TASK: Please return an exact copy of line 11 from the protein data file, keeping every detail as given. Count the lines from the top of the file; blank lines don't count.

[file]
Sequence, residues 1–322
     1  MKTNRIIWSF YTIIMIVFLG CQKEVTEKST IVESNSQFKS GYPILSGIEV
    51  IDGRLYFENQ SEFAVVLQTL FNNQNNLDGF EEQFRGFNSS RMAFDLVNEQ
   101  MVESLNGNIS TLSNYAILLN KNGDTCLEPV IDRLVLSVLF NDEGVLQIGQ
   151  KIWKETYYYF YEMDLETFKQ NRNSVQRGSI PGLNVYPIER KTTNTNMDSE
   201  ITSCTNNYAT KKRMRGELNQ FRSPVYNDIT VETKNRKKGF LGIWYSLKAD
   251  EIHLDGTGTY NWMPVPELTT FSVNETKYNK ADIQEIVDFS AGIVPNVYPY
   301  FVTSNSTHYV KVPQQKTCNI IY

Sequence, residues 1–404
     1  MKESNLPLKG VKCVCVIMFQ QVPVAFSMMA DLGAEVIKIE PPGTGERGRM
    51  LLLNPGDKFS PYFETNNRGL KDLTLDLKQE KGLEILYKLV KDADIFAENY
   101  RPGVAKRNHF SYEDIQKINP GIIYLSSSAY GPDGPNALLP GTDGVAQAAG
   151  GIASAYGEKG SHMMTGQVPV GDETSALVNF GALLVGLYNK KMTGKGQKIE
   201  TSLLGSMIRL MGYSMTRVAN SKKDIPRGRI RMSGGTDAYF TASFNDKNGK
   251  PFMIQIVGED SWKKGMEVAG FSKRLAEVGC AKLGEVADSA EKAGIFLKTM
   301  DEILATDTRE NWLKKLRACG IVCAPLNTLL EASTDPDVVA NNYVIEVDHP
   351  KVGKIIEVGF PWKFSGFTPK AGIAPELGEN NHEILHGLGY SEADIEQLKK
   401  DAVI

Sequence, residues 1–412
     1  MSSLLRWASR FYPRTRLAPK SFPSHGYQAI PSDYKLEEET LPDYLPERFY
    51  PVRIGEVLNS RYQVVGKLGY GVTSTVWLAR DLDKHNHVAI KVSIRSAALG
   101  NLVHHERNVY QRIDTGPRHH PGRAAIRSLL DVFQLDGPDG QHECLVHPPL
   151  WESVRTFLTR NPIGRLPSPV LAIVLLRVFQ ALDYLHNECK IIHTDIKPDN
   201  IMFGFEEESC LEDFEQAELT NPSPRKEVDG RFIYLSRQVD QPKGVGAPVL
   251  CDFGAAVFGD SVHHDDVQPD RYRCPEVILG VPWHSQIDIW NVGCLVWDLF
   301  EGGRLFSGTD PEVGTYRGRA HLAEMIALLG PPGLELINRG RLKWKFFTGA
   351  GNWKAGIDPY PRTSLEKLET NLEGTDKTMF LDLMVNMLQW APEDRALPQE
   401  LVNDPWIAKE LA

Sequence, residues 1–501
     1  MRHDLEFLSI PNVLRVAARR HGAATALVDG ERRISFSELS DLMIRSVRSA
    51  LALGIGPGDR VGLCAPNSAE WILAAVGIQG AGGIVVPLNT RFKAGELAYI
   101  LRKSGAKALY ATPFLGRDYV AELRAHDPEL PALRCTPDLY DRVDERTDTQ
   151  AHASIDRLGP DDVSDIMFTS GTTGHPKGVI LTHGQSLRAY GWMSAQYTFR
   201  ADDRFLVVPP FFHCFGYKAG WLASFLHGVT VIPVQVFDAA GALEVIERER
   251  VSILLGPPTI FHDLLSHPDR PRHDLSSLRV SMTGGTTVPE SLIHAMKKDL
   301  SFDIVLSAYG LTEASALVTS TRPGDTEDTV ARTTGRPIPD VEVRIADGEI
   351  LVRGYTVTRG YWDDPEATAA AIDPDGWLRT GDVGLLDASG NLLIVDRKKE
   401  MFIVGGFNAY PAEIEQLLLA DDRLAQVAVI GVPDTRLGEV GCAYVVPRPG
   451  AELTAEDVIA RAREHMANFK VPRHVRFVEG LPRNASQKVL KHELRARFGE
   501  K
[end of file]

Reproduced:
    51  LLLNPGDKFS PYFETNNRGL KDLTLDLKQE KGLEILYKLV KDADIFAENY